Stretching exercises to do at work

Last August 18, 7000 practitioners gathered in Montreal dressed in white for a yoga practice dedicated to peace. What is often an emotionally moving experience, practicing for peace – in body and mind – does not need to begin and end with the Lolë White Tour yoga class. In fact, this practice is far more powerful when you move it off the mat and share it with your loved ones and colleagues.

To help you feel peaceful at work, here are five stretching exercises you can do without ever having to leave your chair:


Neck Release

Interlace your fingers and lift your arms. Bend your elbows until you are able to place your wrists at the back of your head. Keep your lower ribs in as you gently press your head into your wrists and your wrists into your head. Hold for 5-8 deep breaths.


This stretching exercise helps to release your upper back muscles (namely the trapezius) that work hard to keep your head in line with your spine. These muscles work especially hard when you spend hours leaning your head forward while working, texting, or driving, for example.


Seated Upward Salute

Reach your arms overhead, focusing on reaching out to the sides on your way up. Keeping your lower ribs down, turn your palms in to face one another when your arms are at their highest point. Widen your shoulder blades and keep your upper back muscles relaxed. Then, pretend that someone from the floor or roof above you is pulling on your wrists to help lengthen the sides of your body. Hold for 5 breaths.


Regularly stretching your arms upwards helps to stretch out your shoulders, which can get stiff from hours of rounding forward at your desk. Also, it creates space in your chest and abdomen, which help you breathe deeply.


  • omoplate_profil_basic2.1
  • omoplate_profil2

Shoulder Blade Squeeze and Backbend

Lightly contract your lower abdomen and grab the back of the seat from your chair. With your lower ribs pulling in, pretend that someone has dropped a cube of ice down your back − squeeze your shoulder blades enthusiastically towards each other for 5 breaths.

If you want to take this exercise further, lift your chest up towards the ceiling on your inhale, squeezing your shoulder blades even more towards one another, and gently leaning your head back a in gaze. It is important that you keep your lower abdomen drawing in on this variation so that you do not compress your lower back. If this feels intense for the back of your neck, bring your chin towards your chest and look down at the tip of your nose. Hold for an additional 2-3 breaths.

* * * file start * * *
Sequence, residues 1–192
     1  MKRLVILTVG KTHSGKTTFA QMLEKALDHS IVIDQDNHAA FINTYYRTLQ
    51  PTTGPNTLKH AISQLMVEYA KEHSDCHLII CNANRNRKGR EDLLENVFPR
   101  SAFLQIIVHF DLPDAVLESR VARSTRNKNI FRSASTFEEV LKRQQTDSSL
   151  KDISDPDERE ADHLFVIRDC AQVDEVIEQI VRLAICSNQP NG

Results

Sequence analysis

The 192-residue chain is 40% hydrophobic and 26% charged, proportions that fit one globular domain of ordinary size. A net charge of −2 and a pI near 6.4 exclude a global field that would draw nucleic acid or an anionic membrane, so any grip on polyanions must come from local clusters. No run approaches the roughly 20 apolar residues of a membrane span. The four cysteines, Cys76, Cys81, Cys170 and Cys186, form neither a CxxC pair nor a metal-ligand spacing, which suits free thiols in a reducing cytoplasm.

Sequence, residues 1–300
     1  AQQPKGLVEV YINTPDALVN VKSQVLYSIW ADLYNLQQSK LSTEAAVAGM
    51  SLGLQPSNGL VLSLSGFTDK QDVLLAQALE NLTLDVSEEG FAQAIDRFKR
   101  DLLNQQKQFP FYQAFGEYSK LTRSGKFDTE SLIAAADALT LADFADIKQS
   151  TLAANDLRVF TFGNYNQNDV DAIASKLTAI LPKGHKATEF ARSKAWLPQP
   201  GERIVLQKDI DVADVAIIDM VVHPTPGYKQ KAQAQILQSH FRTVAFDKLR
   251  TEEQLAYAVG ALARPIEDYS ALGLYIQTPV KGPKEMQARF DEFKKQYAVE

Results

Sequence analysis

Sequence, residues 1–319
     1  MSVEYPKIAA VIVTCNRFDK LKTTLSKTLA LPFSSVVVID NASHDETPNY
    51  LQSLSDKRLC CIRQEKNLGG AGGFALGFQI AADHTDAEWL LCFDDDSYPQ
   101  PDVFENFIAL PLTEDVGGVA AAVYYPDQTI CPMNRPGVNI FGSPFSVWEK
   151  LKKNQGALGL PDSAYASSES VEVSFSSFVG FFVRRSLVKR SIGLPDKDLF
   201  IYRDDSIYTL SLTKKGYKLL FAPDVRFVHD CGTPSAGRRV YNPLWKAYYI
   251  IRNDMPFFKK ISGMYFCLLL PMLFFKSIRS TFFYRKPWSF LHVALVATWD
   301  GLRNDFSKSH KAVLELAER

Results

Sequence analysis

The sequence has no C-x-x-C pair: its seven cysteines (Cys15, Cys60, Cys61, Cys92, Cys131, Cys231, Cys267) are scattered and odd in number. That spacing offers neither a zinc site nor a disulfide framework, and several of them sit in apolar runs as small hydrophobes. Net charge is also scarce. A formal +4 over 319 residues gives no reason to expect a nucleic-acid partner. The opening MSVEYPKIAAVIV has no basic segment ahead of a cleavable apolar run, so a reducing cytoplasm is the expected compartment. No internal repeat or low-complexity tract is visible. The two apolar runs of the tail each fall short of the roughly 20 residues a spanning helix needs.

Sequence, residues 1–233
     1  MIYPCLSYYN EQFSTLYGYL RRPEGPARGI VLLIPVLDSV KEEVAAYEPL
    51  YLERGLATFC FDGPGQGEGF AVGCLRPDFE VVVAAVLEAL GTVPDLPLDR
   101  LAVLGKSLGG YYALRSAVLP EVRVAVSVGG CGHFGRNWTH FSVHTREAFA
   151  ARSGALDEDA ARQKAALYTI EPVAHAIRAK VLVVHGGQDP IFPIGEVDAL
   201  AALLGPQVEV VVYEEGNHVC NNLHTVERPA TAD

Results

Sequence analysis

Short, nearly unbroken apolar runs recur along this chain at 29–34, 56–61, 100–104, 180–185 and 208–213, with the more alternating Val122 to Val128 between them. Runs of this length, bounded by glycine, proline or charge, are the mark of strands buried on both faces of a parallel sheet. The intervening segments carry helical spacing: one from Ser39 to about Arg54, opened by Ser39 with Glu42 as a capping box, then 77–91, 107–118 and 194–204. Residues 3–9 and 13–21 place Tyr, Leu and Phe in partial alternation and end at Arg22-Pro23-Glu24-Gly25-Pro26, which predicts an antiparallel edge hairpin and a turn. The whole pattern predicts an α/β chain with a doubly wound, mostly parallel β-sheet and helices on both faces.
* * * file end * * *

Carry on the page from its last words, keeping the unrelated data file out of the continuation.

The rhomboid muscles between your shoulder blades get locked in an elongated, or stretched, position from all of the rounding forward we do with our shoulders. Contracting these muscles on a regular basis helps to “remind” them that they can − and should − bring our shoulders back more often.



Bring your right arm over the back of your chair and hold the edge firmly. Place your left hand on the outside of your right knee. Inhale and lengthen your spine, exhale and begin to twist starting from the belly button and moving the twist up the spine. The last things to twist back are your shoulders, neck and head. If possible, look over your right shoulder. Hold this pose for 5 breaths before switching sides.


This simple seated twist helps to release any lower back tightness, energizes the spine, and stretches the shoulders, hips and neck.


Forward Bend

Sitting at the edge of your seat, lengthen your legs forward, heels on the ground and ankles flexing. Grab the back of your thighs, knees or calves. Inhale to lengthen your spine, and when you exhale, keep lengthening your spine (i.e., do not round your back). As you fold forward, try and get your belly to touch your thighs. However, do not pull too hard on your legs; we want to see what is naturally available to us. Hold for 5 breaths.


When you spend most of the day seated, your hamstrings get tight. In some cases, tight hamstrings can even be the cause of lower back pain. This stretching exercise helps to lengthen the backs of your legs, releases your lower back, and adds a spring in your step!

Seated Meditation

Sit in a way that your spine can be lengthened without too much effort. Place your feet beneath your knees (take your shoes off if you can!) and rest your hands on your legs. Close your eyes if you feel comfortable, or keep them slightly opened and look down. Be still for 1-2 minutes, as best you can.


Meditation is one of the best ways for cultivating peace of mind. Countless studies have shown that meditation is effective at reducing stress, lack of focus, and anxiety. It also helps in cultivating creativity, concentration, and improving relationships. It is much easier than it looks; all it takes is a moment. If you do not know where to begin, try my short 2-minute meditation below.

Meditation by Dawn Mauricio (audio)

Dawn Mauricio wears the Mukhala Tee
and the Tayla Leggings

Let me know how these stretching exercises and meditation go
on Instagram, Twitter, or Facebook.
  • I look forward to walking towards peace with you!

Dawn Mauricio

Dawn has been the official Lolë White Tour teacher for the Montreal event for the last three years and will lead yogis in an amusing, dynamic and centred yoga session. She’ll guide us through a series of postures and meditative movements designed to inspire peace in one’s body, spirit and heart. With 10 years’ experience as a full-time teacher and more than 1000 hours of yoga training, Dawn will bring her spirit of generosity and gratitude to this unique moment.

You will also like:

Guided meditation to go

In this guided meditation series, Dawn Mauricio will take you through five different short meditation sessions that you can practice anywhere, anytime.